Forensic Scientist

Forensic Scientist

LIsa Black

Cape Coral, FL

Female, 49

I spent the five happiest years of my life in a morgue. As a forensic scientist in the Cleveland coroner’s office I analyzed gunshot residue on hands and clothing, hairs, fibers, paint, glass, DNA, blood and many other forms of trace evidence, as well as crime scenes. Now I'm a certified latent print examiner and CSI for a police department in Florida. I also write a series of forensic suspense novels, turning the day job into fiction. My books have been translated into six languages.

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Last Answer on June 22, 2017

Best Rated

What's the most important thing forensic science can do today that it couldn't do 5 years ago?

Asked by ChrisnMike about 4 years ago

I would say 'touch DNA', which means get a DNA sample from the sweat, oils, and amino acids left by simply touching something. We now routinely collect swabs from steering wheels, gun triggers and tool handles. That doesn't mean they always have sufficient DNA to do anything with, but surprisingly often they do.

I never understood how they establish time of death weeks after someone died. Are there biological processes that take place WEEKS after death with enough consistency to allow you to pinpoint time-of-death to within a few hours / days?

Asked by HammerPants about 4 years ago

I'm sorry but you'd really have to ask a pathologist, this is not my area. I imagine it would depend a lot on the individual situation--the environment, temperature, humidity. Insect activity can be pretty accurate. But I believe that pinpointing to a few hours after someone has been dead for weeks only happens on TV.

what would change a corpse hair from highlighted blonde to an orange red in an african american?

Asked by shunlegg over 3 years ago

I don't know, unless the corpse lay in bleach or some other chemical that would react with the bleach in the hair. Dark hair can (I know from personal experience) turn kind of orangy when you try to lighten it. Otherwise hair does not change much either while living or dead.

What degree and certification would I need become a forensic scientist? I'm currently majoring in criminology, but would switch if something else was better.

Asked by Alejada about 4 years ago

Again, titles and job requirements aren't uniform, so the only way to know is to call the crime labs in your area or whereever you might be interested in working and ask them. At the coroner's office we had to have at least a bachelor's in a natural science (this was before they had forensic science majors). At the police department where I am now, they only require a high school diploma but you get more points in the interviewing process for having a four year degree, so we all have one. You can also go on the websites for professional organizations such as the American Academy of Forensic Sciences and check out their job vacancy postings and see what the various positions require. Good luck.

Do fingerprints contain DNA? And if so, then isn't fingerprinting kind of obsolete, since you can just test the DNA instead of the print?

Asked by Sascha about 4 years ago

The skin cells sloughed off and left in a fingerprint contain DNA, but there's no guarantee that there will be a sufficient amount to obtain a DNA profile so it's a risk to go straight to DNA testing instead of developing the fingerprint. Besides, identical twins will have the same DNA but different fingerprints.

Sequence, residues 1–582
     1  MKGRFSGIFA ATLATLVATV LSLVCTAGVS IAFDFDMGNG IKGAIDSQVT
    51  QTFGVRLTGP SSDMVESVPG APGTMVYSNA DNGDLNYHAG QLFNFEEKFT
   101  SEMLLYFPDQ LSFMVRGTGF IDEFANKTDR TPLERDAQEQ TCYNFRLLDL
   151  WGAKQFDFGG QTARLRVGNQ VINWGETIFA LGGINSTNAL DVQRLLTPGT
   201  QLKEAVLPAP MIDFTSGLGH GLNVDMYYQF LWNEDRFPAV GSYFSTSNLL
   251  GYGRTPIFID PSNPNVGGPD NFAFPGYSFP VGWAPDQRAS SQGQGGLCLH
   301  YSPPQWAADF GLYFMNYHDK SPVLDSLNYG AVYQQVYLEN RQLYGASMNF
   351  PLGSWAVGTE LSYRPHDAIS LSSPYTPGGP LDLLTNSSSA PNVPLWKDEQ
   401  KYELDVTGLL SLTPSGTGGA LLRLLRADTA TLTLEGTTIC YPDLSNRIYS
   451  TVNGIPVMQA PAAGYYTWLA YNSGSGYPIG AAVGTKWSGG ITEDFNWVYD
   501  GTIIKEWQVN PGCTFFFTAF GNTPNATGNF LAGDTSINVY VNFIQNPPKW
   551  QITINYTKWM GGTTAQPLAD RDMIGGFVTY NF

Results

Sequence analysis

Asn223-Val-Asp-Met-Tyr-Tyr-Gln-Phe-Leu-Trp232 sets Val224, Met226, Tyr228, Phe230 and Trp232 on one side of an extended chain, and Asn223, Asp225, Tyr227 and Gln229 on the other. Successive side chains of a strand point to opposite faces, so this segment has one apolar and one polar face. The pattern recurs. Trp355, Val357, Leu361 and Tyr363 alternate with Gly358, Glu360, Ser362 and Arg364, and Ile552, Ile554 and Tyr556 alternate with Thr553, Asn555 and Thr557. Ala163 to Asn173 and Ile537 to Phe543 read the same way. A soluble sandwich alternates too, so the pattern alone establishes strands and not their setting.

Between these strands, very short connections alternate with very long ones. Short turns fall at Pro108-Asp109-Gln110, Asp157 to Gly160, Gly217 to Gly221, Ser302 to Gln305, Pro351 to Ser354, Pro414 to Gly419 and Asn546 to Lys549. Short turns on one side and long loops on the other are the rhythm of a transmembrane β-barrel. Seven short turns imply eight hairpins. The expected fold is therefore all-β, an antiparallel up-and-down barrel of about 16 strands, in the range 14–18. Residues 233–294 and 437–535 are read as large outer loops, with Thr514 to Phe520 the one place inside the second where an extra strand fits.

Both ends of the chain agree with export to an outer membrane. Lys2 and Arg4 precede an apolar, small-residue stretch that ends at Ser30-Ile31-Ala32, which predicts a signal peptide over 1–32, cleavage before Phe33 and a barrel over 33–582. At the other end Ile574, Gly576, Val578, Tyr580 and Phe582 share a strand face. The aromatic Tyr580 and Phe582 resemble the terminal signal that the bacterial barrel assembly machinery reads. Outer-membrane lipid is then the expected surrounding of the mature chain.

I'm currently in the Navy and looking into taking college courses towards forensics but I do have a charge of accessory after the fact to a felony in 2002. (Closed file) Would this hinder my ability to obtain a career in this field? If so how badly?

Asked by jwalk about 4 years ago

I honestly have no idea, and suspect it would depend on where you are applying--whatever the hiring agency's policies are. I'll ask my boss and get back to you.

 

OKAY! I finally asked my supervisor about this, and unfortunately the news is not too encouraging. If you were found guilty of a felony, you might have a real problem getting a job with a law enforcement agency. But just because the crime was a felony doesn't necessarily mean that was your charge, you could been found guilty of first degree misdemeanor or some lesser charge, and that might not preclude you from employment. Also, smaller agencies might be willing to waive this exclusion especially with military experience. And this is only in the event that you were convicted. If you were simply charged with the crime but not convicted, then most likely it isn't a problem at all. The only way to know for sure is to ask a few of the places you'd be interested in working at and see what they say.

Have you ever worked on a scene that you'd describe as the "perfect crime" in that the perp literally left NO trace of his presence?

Asked by Seth about 4 years ago

It depends on how you define 'perfect'...if I can't tell the perpetrator has even been there then we wouldn't even know a crime has occurred, so I wouldn't know it was a perfect crime. If you mean 'perfect' in that the guy didn't leave any DNA or fingerprints that we found, sure, all the time. I've had plenty of burglaries in which it was apparent that a burglary occurred, but between humidity and surface conditions and what the perp had to touch in order to get the job done, I find no fingerprints at all (not even the people who live there). If you walk up and shoot someone (especially with a revolver, so no dropped casings) and walk away, you're not going to leave anything. Maybe a hair or a skin cell, but how would a CSI find that on a dirty street? Hence, a 'perfect' crime. Unless you get a parking ticket on the next block or a witness waiting for a pizza delivery happens to look out their window or there's an ATM camera you didn't know about.